It was a Wednesday afternoon when I heard that my presence in Amsterdam was requested for the following Monday. Last-minute travel is always a panicked affair, but I still tried to see if I could find a marathon to run. As luck would have it, the Amsterdam Marathon was on the weekend I was in town, but as luck wouldn’t have it, they had closed their entries several weeks beforehand.
Undeterred I sent an imploring email to the contacts listed on the website, politely requesting a last-minute entry. As this is a ‘big city’ race with thousands of competitors, my expectation for a positive response (or any response at all) was not high. It was therefore a very pleasant surprise when I received a reply just over an hour later, stating that if I was willing to part with 69 Euros, then a marathon entry was mine.
A year after the Dutch summer sun beat me up, I was back in Amsterdam to speak at a conference. To satisfy my insatiable hunger for marathons, I was faced with a repeat visit to Leiden or a 150km drive to the extreme north of the Netherlands. Fool me once, shame on you, fool me twice, shame on me… so the saying goes. I wasn’t going to chance another midday massacre in the middle of summer and therefore decided to head north to Leeuwarden, with just over 100,000 residents the largest city in the province of Friesland.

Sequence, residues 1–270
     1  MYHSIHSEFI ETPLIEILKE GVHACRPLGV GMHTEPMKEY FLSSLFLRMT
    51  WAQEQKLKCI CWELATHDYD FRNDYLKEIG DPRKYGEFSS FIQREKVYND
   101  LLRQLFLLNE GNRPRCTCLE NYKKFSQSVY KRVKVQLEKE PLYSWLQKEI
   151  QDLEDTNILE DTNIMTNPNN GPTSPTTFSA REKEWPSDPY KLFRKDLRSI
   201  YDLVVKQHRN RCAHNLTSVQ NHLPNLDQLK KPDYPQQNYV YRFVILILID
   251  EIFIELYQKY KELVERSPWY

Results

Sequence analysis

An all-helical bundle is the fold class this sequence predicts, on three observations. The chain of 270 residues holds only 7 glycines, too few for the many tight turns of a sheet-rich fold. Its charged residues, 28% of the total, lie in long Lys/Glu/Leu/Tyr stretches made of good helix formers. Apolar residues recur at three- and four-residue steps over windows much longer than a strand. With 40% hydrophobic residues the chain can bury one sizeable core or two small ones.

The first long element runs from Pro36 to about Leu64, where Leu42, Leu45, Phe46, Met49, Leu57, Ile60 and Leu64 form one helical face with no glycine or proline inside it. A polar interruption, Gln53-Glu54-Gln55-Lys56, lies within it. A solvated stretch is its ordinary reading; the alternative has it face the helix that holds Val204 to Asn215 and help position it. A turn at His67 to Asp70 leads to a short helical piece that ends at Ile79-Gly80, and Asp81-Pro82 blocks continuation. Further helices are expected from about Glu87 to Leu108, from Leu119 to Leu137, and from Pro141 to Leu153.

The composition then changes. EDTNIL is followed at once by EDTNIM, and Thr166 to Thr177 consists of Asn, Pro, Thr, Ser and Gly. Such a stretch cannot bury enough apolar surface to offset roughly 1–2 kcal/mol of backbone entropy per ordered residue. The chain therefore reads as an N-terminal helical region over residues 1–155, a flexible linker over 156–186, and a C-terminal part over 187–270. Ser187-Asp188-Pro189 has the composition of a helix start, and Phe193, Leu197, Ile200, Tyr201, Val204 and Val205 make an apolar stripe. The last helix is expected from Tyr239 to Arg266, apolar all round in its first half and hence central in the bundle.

It is often very entertaining to read the English section of foreign marathon websites, which tend to be full of unintentionally funny translations. The Leeuwarden Marathon avoided this problem by having no English section. Google translate had not yet been invented, so this tested the limits of my rudimentary Afrikaans taal skills, as I had to translate what appeared to be Dutch text.
I managed to figure out the important details – like the race date and start time – and also that this was a pre-entry only race, and I had missed the deadline. I wrote a passionate, imploring letter to the organisers in my best Afrikaans to plead for a late entry, and a reply came back a short while later in English to say they would accommodate my petition.
If you ever want to run at marathon in the middle of the afternoon in the middle of summer in the middle of a heat wave, then the Leiden Marathon in South Holland is the one to do. European summers can be something of an oxymoron, but the organisers managed to time the 2006 edition of the race to be run in the middle of a genuine heat wave. Fifteen years later and I can still vividly remember the four-and-a-bit hours I spent slogging it out in the sweltering mid-30s, and this is still the hottest of the 241 marathons I’ve run (to date), even beating out the Two Countries Marathon in Musina for the honour!